Chicago has to decide now whether it can believe what it sees. Do we believe our own eyes? To an outsider, that must sound so easy.
But to a city that saw the Chicago Cubs win a World Series after 100 years, the White Sox after nearly 90, the Blackhawks win the Stanley Cup after almost 50, and a man who could fly leading the Bulls to a dynasty — things Chicagoans had fully accepted they’d never see — this one is particularly hard.
Those things were nothing. Now, Chicagoans have to believe that they have finally, finally, finally gotten what they crave most: A real quarterback. Justin Fields is the new Bears QB. Do you believe, Chicago?
And it’s not only that. Today, Chicagoans have to decide if they saw history just change in one evening. First, the hated Aaron Rodgers clearly leaked to ESPN that he’s done in hated Green Bay, and then just a few hours later Thursday night, the Bears traded up in the NFL draft to the No. 11 spot, where they picked Ohio State’s Fields.
It has been 70 years since the Bears have had a quarterback in Sid Luckman. And it has been 30 years since the rival Packers have had either Brett Favre or Rodgers at quarterback.
All that time — 30 damn years! — the Bears have countered Favre and Rodgers with Flotsam and Jetsam, Trubisky and Cutler, Ernie and Bert.
Now, maybe Green Bay can be in quarterback hell for a while. Maybe the quarterback gods are just that bored with the status quo.
We’ve seen Fields with our own eyes, beating up on Clemson, playing hurt, running superfast, throwing hard and accurately. But we’ve also seen the Bears miss on every quarterback for decades.
Which one are we supposed to believe now? Going into the draft, if there was one thing I knew it was that Fields is better than Alabama’s Mac Jones — not to mention Brigham Young’s Zach Wilson and North Dakota State’s Trey Lance — no matter what the draft-board predictions were saying. That was a lockdown, guaranteed, sure-fire fact.
But then other teams were passing on Fields. And then the Bears, the team that can’t judge a quarterback, took him. And if that wasn’t condemnation enough, genius Bill Belichick then picked Jones to replace Tom Brady.
Did everyone else know something about quarterbacks that the Bears didn’t? For decades, the answer to that has been this:
Hah, hah, hah. Stupid question.
The NFL draft is all about believing. It’s about hope and history. Other teams want to change history, too. The New York Jets are still trying to replace Joe Namath, who left 45 years ago. They took Wilson, and chose to believe. I don’t think he’s that great. The San Francisco 49ers traded away so much just to get Lance, who comes with film of just one game since 2019.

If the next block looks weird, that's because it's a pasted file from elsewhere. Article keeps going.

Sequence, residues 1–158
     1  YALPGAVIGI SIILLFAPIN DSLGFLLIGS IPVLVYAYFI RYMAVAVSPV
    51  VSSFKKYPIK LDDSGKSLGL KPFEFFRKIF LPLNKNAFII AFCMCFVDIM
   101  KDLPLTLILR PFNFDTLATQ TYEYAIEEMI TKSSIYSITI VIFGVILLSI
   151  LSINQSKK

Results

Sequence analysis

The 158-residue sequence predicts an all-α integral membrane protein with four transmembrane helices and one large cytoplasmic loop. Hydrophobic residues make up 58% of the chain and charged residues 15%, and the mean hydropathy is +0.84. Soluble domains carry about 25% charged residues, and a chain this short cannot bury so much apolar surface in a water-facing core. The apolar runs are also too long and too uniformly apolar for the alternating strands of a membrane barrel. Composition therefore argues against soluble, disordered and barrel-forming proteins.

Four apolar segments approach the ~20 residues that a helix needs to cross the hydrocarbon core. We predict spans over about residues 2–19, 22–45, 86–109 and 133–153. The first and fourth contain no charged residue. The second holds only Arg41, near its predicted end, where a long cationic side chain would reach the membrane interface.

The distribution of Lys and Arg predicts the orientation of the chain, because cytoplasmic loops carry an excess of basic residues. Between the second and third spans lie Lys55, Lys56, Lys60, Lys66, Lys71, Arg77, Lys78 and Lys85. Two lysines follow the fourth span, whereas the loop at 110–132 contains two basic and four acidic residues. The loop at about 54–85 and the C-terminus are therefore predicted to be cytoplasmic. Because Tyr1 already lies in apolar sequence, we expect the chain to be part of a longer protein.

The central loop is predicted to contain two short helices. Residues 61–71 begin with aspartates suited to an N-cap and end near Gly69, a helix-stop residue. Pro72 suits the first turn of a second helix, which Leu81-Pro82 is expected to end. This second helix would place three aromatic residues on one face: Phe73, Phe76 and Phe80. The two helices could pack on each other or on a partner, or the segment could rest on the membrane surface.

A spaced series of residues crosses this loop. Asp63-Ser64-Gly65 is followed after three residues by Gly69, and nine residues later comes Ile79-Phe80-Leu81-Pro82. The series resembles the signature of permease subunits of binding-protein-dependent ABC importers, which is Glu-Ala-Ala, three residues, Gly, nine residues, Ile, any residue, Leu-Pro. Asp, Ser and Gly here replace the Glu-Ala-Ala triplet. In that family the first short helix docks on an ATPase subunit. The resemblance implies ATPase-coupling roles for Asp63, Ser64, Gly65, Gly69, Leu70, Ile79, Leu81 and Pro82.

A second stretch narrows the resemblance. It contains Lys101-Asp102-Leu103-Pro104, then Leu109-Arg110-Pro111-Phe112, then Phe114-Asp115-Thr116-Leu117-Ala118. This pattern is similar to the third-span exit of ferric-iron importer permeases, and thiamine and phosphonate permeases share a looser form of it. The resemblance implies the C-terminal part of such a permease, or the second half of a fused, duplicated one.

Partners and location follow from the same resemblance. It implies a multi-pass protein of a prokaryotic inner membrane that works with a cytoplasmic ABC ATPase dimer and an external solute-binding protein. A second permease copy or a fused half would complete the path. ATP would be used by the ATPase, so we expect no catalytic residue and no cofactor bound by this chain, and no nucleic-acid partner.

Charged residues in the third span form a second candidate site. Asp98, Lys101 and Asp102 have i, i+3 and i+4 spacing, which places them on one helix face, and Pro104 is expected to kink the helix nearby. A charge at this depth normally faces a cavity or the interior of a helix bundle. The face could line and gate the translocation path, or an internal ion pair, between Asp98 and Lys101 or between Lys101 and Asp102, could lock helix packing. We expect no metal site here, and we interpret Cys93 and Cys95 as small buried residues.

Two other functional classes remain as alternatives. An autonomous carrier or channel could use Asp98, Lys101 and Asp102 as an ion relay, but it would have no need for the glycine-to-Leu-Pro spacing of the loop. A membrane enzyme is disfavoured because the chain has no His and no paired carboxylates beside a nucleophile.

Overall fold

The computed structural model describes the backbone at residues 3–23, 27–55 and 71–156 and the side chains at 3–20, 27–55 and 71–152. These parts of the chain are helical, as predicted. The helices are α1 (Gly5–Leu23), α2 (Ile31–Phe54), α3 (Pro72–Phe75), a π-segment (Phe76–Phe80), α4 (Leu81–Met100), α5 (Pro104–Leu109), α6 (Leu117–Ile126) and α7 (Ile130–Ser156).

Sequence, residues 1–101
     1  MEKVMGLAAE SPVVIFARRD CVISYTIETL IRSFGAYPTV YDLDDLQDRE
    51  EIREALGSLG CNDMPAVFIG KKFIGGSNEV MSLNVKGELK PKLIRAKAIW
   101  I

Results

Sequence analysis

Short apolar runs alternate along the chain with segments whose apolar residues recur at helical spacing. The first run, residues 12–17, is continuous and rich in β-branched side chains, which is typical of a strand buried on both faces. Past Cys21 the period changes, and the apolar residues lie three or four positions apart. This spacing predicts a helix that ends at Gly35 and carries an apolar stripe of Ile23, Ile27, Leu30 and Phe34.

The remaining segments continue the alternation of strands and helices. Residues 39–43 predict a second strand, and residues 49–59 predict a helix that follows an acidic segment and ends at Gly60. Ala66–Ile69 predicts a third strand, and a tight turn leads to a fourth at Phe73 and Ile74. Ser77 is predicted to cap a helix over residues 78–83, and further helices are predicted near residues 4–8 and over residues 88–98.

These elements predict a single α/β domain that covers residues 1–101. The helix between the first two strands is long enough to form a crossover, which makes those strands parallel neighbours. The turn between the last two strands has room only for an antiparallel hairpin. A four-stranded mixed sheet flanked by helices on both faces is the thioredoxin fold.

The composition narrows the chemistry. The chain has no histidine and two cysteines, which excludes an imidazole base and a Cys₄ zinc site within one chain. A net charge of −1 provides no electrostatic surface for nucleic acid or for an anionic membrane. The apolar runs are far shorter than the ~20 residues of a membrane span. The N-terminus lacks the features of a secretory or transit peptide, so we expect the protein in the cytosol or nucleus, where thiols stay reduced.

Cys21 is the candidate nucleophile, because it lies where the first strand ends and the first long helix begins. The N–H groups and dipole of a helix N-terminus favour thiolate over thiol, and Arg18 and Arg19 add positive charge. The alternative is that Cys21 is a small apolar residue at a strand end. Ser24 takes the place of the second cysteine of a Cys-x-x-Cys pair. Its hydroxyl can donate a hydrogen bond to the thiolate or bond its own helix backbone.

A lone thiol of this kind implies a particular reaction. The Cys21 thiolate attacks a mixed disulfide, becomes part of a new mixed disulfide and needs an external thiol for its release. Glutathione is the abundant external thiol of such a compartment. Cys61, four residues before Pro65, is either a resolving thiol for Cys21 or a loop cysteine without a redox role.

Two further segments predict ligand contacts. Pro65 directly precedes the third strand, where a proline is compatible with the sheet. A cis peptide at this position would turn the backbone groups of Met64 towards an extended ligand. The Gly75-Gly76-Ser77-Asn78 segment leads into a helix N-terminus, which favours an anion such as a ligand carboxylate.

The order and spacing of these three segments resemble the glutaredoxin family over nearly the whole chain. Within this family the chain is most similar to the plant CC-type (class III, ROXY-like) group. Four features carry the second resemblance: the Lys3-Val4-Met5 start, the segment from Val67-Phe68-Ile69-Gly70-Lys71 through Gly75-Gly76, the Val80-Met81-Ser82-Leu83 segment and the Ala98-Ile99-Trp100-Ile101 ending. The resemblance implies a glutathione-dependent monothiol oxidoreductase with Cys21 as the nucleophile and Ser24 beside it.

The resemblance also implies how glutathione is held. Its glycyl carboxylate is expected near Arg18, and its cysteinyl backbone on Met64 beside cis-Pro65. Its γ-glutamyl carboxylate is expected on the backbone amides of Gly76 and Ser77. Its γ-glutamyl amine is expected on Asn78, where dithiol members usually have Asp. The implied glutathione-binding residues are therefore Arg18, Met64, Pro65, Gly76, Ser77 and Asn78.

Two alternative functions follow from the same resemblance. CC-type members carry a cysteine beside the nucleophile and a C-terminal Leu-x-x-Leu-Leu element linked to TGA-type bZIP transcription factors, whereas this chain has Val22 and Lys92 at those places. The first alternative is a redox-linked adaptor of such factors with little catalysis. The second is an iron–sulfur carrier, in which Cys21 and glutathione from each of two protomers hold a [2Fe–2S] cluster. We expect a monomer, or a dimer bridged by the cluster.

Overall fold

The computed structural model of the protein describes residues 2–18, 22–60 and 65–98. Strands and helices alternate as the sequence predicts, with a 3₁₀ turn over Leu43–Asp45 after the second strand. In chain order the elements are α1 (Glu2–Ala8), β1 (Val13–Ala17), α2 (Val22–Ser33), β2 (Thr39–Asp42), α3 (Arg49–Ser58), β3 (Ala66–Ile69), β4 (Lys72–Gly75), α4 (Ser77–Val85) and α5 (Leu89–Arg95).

The last time the Bears traded up to get a quarterback it was for Mitch Trubisky, who had started one year at North Carolina — not exactly a football powerhouse — and lost a minor bowl game.
Somehow, Bears general manager Ryan Pace has hung on to his job after the Trubisky disaster. And maybe the scariest thing about Fields is that Pace is the one who picked him.
It’s just hard to know whether to believe the whispers or what we saw in Fields with our own eyes. You never know what’s behind the whispers.
The 49ers used Jones as a smokescreen to hide their interest in Lance, presumably so that the Jets wouldn’t rethink which QB to take. So suddenly, Jones, who made for a fine bottom-of-the-first-round pick, was projected to go No. 3 in the draft.
Once the 49ers took Lance, Jones started sliding down the draft board.
Fields was always going to be the No. 2 pick, behind Lawrence. Out of high school, he and Lawrence were basically co-No. 1s. So it’s a little hard to understand what was behind his fall to No. 11.
Leading up to the draft, former journeyman NFL quarterback Dan Orlovsky, now at ESPN, said that there were questions about Fields’ work ethic. Then, somehow, it came out that Fields has epilepsy.
For whatever reason, an anti-Fields campaign was on.
Now the fun part starts. The Bears, who recently signed Andy Dalton and named him the starter, have to convince fans to be patient while Fields develops. Meanwhile, Fields has to deal with a fan base that has absolutely zero patience left.
Coach Matt Nagy had been brought in because of his grasp of the modern offense, and then showed no signs of that while failing to develop Trubisky. Pace is out of chances, too.
Time is up. I’ll estimate that Fields will get three weeks into the season to know what he’s doing. A three-week honeymoon.
And then? Chicago will judge what it sees.